Developer's Guide to Collections in Microsoft .NET

Author: Calvin "Lee" Janes
Publisher:Microsoft Press, 2010
Pages: 624
ISBN: 978-0735659278
Aimed at: Advanced .NET programmers
Rating: 3
Pros: Exclusively on collections
Cons: Code in both C# and VB leads to redundancy; doesn't cover recent innovations
Reviewed by: Mike James

Many skilled programmers find the .NET collections libraries difficult to cope with. Does this book help?

Author: Calvin "Lee" Janes
Publisher:Microsoft Press, 2010
Pages: 624
ISBN: 978-0735659278
Aimed at: Advanced .NET programmers
Rating: 3
Pros: Exclusively on collections
Cons: Code in both C# and VB leads to redundancy; doesn't cover recent innovations
Reviewed by: Mike James

I know that many a skilled programmer finds the .NET collections libraries difficult to cope with. Part of the problem is theoretical - when to use a dictionary rather than a list - but some of the confusion is caused by the different versions of the collection classes that are available. So a book on the Collection Classes seems like a really good idea. However, what you make of this particular take on the subject depends very much on what you are looking for and on how tolerant you are of diversions.

 

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The first part of the book, approximately 110 pages, provides a practical course in collections. You are shown how to build your own collection classes - arrays, linked lists, associative arrays, queues, stacks and buffers. The code is given in both VB and C#. There is a reasonable explanation of the theory behind each data structure and a discussion of how best to implement it but you do need to know that most of the pages are taken up with heavily commented code.

If you are interested in how collections work, or if you missed out on the theory, then this might be of use to you, but it doesn't get you to understand the .NET collections classes. An alternative approach to Part I of the book would be to explain the theory and then illustrate the ideas using the collection classes; this would at least get you deeper into the specifically .NET material.

Part II of the book does at last focus on the collections classes. Chapter 4 delves into the Generic collections, which for many programmers are the hardest to use, perhaps because they don't make much use of generics in their programming. The chapter begins with some theory, but not of how generics are used. Instead we get an overview of ordering, delegates, anonymous methods and lambda expressions. Then we look at the List(T) class and the book gets back to being code-heavy very quickly as it illustrates how to do all of the standard operations - sorting, searching and so on. This sets the pattern for the following data types. We go over LinkedList(T) at the end of the chapter and then on to Queue(T), Stack(T), Dictionary(T), BitArray, CollectionBase, DictionaryBase, HashSet(T) and SortedList in Chapter 5. This part of the book can be best described as reference documentation with examples.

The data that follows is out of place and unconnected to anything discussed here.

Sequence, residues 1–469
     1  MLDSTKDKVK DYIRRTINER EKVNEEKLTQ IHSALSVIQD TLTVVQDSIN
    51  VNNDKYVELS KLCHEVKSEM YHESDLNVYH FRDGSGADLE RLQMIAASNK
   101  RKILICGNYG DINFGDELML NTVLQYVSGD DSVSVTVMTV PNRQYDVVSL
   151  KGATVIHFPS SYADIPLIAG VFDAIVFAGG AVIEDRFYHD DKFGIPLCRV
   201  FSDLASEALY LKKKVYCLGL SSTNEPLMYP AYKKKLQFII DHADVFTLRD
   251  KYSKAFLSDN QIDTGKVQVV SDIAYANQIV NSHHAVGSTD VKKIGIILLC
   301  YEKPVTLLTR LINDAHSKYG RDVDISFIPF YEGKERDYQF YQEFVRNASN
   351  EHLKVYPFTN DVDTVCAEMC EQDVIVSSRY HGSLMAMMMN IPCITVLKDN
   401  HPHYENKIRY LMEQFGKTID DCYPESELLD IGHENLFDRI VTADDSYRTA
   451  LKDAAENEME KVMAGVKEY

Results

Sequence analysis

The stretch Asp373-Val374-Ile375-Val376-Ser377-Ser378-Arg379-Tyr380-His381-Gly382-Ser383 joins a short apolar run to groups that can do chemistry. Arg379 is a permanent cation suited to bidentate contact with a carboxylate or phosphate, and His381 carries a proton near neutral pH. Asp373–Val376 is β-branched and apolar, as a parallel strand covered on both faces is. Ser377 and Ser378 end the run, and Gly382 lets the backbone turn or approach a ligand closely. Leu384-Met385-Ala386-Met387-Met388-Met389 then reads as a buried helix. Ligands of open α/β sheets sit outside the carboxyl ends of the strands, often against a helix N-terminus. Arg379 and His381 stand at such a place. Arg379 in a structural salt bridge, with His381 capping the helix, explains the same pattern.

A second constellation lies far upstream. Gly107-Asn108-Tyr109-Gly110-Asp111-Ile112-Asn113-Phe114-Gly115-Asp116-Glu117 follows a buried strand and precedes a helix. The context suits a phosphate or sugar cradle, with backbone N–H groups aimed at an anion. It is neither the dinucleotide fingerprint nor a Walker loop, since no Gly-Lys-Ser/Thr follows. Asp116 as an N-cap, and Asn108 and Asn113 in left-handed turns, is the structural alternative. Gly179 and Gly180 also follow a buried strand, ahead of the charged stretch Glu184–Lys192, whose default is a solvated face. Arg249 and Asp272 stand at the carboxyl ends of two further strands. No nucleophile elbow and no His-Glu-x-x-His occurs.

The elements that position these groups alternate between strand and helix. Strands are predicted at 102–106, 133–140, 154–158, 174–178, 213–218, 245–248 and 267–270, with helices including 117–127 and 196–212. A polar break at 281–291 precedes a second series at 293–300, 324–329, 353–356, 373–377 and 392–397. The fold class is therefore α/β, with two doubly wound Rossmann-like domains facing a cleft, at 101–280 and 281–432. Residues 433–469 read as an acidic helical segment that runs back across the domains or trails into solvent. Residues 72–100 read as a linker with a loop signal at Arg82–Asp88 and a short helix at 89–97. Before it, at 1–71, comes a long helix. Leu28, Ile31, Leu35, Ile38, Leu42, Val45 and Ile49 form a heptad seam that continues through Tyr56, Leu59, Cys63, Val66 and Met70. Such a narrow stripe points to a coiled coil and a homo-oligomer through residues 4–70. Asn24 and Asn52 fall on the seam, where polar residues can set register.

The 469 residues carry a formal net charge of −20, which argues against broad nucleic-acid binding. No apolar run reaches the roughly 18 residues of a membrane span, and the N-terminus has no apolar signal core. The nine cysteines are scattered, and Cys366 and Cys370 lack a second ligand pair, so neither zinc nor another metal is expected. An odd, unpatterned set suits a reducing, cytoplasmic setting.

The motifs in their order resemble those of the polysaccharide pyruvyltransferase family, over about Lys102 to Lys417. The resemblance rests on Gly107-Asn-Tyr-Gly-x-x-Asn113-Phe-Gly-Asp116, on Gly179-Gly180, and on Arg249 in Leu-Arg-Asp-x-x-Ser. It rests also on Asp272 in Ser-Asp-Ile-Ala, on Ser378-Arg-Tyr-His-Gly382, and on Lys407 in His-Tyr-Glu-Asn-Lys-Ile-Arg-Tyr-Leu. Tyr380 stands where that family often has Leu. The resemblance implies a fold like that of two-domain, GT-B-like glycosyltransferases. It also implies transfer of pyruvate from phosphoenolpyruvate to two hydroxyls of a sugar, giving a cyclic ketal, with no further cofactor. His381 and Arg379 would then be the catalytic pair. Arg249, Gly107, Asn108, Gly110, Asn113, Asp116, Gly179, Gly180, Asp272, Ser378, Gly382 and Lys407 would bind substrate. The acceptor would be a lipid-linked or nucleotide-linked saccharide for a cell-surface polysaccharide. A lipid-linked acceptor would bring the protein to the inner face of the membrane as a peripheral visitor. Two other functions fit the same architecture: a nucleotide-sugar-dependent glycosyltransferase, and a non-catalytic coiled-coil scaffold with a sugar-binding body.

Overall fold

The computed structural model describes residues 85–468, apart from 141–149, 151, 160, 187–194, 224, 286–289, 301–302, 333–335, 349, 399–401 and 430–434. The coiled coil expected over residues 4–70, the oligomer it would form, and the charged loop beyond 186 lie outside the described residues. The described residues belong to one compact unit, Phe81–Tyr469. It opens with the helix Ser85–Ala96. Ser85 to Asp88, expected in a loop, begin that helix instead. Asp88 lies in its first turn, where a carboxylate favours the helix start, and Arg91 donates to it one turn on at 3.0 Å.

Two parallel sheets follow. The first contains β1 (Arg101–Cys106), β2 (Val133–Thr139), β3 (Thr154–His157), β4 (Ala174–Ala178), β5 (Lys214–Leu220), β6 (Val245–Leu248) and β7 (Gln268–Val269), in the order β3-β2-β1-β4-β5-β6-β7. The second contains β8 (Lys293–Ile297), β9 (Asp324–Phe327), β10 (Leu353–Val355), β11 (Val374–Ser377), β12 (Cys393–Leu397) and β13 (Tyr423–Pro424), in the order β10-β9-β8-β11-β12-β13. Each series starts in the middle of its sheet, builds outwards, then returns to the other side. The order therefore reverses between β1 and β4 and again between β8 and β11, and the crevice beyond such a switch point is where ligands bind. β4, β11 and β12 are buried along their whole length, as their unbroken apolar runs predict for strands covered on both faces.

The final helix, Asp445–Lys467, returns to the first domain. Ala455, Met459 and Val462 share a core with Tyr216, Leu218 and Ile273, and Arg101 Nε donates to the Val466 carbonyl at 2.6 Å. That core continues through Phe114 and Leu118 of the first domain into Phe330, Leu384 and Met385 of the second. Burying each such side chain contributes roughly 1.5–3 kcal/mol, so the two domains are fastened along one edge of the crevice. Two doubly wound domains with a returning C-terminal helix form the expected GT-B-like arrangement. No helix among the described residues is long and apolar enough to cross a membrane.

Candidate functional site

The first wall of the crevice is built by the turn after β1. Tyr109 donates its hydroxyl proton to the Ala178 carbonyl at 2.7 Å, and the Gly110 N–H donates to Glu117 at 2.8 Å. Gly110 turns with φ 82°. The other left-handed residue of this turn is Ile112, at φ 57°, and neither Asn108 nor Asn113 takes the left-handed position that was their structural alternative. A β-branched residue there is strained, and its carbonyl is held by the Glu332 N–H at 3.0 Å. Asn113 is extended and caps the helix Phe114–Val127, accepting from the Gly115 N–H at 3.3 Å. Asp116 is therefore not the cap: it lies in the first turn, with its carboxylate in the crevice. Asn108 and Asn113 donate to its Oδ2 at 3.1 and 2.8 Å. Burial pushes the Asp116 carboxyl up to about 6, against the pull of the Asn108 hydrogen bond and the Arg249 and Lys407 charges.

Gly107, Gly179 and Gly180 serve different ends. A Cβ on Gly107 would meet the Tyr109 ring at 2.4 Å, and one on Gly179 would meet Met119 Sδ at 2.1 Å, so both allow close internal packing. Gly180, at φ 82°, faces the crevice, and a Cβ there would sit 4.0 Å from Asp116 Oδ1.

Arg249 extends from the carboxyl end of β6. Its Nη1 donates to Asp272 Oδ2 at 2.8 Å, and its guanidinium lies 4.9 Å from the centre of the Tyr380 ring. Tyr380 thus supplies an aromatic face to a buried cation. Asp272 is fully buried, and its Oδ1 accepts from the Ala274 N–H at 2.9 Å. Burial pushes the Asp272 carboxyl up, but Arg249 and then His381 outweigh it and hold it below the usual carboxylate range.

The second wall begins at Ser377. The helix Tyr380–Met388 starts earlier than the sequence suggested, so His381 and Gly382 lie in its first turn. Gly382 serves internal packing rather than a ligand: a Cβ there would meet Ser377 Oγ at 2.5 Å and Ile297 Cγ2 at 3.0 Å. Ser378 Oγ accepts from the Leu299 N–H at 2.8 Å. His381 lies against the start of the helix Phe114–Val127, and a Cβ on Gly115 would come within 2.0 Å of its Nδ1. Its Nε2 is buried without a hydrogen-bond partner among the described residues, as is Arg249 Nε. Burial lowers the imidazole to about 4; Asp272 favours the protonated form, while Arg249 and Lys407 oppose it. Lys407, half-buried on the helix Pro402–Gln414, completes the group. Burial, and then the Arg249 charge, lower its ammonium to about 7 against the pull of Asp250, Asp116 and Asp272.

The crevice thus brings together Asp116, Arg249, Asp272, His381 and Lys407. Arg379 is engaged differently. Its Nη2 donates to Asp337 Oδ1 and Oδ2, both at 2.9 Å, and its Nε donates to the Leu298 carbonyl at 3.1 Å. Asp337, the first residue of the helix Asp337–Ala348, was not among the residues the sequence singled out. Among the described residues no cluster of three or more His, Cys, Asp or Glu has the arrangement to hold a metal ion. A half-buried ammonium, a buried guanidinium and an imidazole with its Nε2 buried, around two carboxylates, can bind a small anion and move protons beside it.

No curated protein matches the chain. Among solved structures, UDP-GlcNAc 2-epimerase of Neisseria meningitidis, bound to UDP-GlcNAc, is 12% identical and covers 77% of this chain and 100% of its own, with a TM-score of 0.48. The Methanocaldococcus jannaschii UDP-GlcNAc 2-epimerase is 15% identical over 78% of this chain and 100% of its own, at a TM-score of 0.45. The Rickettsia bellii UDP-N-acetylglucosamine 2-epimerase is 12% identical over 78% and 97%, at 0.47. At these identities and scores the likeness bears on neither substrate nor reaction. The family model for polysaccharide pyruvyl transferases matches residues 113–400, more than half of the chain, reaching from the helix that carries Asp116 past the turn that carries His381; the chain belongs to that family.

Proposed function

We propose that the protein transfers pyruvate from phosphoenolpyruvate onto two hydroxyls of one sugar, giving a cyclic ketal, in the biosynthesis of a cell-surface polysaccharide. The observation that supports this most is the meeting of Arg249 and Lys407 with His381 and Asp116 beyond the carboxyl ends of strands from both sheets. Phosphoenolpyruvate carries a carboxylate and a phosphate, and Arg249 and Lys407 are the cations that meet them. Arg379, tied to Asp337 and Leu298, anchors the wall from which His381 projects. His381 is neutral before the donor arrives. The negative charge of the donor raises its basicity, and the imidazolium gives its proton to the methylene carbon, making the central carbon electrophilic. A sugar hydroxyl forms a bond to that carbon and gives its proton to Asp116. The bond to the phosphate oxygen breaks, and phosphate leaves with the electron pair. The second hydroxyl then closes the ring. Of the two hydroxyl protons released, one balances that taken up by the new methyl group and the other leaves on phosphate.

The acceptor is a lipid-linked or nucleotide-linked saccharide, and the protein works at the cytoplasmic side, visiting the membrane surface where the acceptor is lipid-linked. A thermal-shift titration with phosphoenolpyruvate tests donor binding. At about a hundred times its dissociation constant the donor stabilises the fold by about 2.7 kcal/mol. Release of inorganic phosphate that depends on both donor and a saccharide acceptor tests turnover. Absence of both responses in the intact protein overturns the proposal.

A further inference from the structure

Part III is all about using collections, which sounds like a great idea, but some of the topics could just as well have been in Part II. For example, adding enumerators isn't really an advanced topic. Chapter 7 explains the basics of Linq, which is a technology that both makes heavy use of collections and makes collections easier to use. Chapter 8 tackles the difficult topic of using threads with collections. This is perhaps the most advanced and most useful of all of the chapters. Given how important multi-threading is becoming any help on how to use supplied classes is welcome. Chapter 9 brings the section to a close with information about serializing collections.

Part IV starts to look a little wider in the rest of .NET and specifically the UI. Using collections with controls is all about databinding. Chapter 10 looks at the general principles of databinding and Windows Forms and Chapter 11 takes a quick look at how WPF and Silverlight are different.

This is a book that is very heavy on code. Before you raise a cheer you need to remember that the code is given in both C# and VB and so there is a lot of redundancy. In addition the code is given in long chunks usually, but not always, with lots of comments. As to the topics covered, they are mostly just examples of the sorts of things you can find in the documentation and the book rarely goes off the beaten track. In particular, it doesn't cover the relationships between the collections and the more recent innovations just as PLinq, TPL, and Rx.

Overall I found the book difficult to read for reasons that aren't entirely easy to work out. It was hard work reading the code and if you skipped the code it was difficult to discover where to read next. Although there are some reasonably good explanations they are mostly buried under a lot of fairly obvious and duplicated code. If this is the sort of book you like then you might get something out of it. For me the book sat between being too difficult an introduction and too simple an advanced work.




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WebGL: Up and Running

Author: Tony Parisi
Publisher: O'Reilly
Pages: 230
ISBN: 978-1449323578
Audience: JavaScript programmers
Rating: 4.5
Reviewer: Mike James

 

Can you learn WebGL without getting involved in the very basic nuts and bolts like shaders and so on?



Lean Analytics, Use Data to Build a Better Startup Faster

Author: Alistair Croll and Benjamin Yoskovitz
Publisher: O'Reilly
Pages: 440
ISBN: 978-1449335670
Aimed at: Would-be entrepreneurs (and data analysts)
Rating: 4.5
Reviewed by: Kay Ewbank

You have to admire a book that starts “Let’s face it: you’re delusional.”


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